Resogun Review

By Shawn Collier on December 18, 2013

Housemarque's Resogun, even from its initial announcement, had a lot of hype surrounding it because the studio previously created the critically acclaimed Super Stardust series. Like its predecessor, Resogun is a shoot-em-up, but instead of the spherical movement found in Super Stardust it uses a cylindrical wrap-around approach. So does this new approach retread old ground or has the developer created a new approach to the twin-stick shooter?

If you've played a twin-stick shoot-em-up before, you'll be right at home in Resogun. One stick controls the ship while the other controls the aiming for your weapons. This gives you a large degree of control and it's extremely useful as you evade both debris scattered around the screen, but also enemies which can come from either side of the cylinder. In addition, since Resogun takes place in a world where aliens are taking the last of humanity, you need to defeat special enemies called "keepers" which are holding the humans captive. These rescued humans can then be dropped off at ports for extra score bonuses and power perks such as bombs or extra lives.

The key feature of Resogun is the ability to collect the green voxels that appear when enemies are defeated. After collecting enough of them you can activate an "overdrive" ability which can be used both offensively and defensively. The latter approach can be used simply to get out of harm's way, but more advanced players can use the former approach to blast through enemies, something which also gives the added bonus of filling up the the same meter. It means that while it may seem simple, the "overdrive" mechanic has quite a bit of depth and although it's not required to get through the game, it's a nice touch for players who want to up their game.

As far as the stages go, each of the game's five stages is made up of three distinct phases. At the end, there is also a boss battle to cap things off. The bosses themselves are quite large as the top of the cylinder actually expands to fully fit them in. The fights are interesting as they take the projectile evading knowledge from earlier in the stages to the next level. You will have all manners of projectiles are thrown at you, although a few of the bosses are a bit too easy as they allow you to simply boost to win. Still, it presents a great challenge and a wonderful visual treat at the same time, especially considering the game runs in full HD at 60fps. And to cap things off, following the defeat of the stage's boss the stage itself blows up in slow motion as the player's ship escapes.

This also applies aurally as the developers intertwined the audio with the sounds for scores and bonus prompts. This makes it feel like a whole package, instead of extra sound effects added to the mix similar to games like Rez. There's nothing quite like a musical score that adapts to your actions.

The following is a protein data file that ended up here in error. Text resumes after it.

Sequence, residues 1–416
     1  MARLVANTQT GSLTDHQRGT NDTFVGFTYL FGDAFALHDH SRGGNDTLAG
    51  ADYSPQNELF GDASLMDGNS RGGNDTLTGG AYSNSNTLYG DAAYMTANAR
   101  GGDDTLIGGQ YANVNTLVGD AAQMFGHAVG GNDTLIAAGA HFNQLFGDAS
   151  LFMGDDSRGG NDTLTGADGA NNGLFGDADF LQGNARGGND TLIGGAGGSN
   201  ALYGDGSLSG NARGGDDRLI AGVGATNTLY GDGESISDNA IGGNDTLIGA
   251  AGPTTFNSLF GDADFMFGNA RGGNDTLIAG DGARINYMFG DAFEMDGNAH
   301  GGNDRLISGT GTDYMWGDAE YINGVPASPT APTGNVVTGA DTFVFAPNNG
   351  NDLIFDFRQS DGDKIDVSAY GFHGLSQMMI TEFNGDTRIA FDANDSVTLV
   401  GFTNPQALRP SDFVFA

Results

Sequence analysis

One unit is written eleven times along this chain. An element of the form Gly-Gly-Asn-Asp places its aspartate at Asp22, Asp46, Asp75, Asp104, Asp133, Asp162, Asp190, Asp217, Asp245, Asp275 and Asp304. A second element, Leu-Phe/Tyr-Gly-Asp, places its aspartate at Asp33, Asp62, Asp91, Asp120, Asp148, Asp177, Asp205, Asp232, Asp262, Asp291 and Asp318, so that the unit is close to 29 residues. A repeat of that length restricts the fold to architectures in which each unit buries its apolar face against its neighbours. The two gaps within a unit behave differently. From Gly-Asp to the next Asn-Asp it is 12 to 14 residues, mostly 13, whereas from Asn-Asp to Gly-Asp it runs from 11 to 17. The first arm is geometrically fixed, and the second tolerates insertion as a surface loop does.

Resogun's scoring system works by increasing the multiplier following successive kills, so for advanced players it becomes more of a game of waiting for enemies to fill the screen instead of shooting whatever moves. A shoot-em-up is only as good as the enemies it throws at you, so seeing Housemarque putting in the effort to cater to both types of players is testament to the prowess of the developers. That isn't to say beginners will have it easy, though, as the game expects you to die a few times before you learn the ropes.

In terms of depth, the game is a bit short, but the developer did add higher difficulties and online-only co-op which rebalances things for two players. The only issue with the co-op is that the lives weren't increased, so unless both players know what they're doing it'll lead to some frustration when an advanced player ends up with a beginner.

Final Thoughts

All in all, Resogun is a brief, but rewarding twin-stick shoot-em-up that doesn't overstay its welcome and has that next-gen feel graphically --- what we'd expect from a launch title. It's addictive gameplay and fine-tuned mechanics make for a satisfying time when trying to get to the top of the leaderboard.

Not too difficult for newcomers, but enough extra features for the advanced players to learn.
The music and graphics work wonderfully in tandem with one another.
It's short but doesn't overstay its welcome.
A few bosses can be easily beaten merely by spamming.
Online-only co-op doesn't rebalance the lives to cater for two players.
Might be a too short for those who aren't fans of leaderboards.
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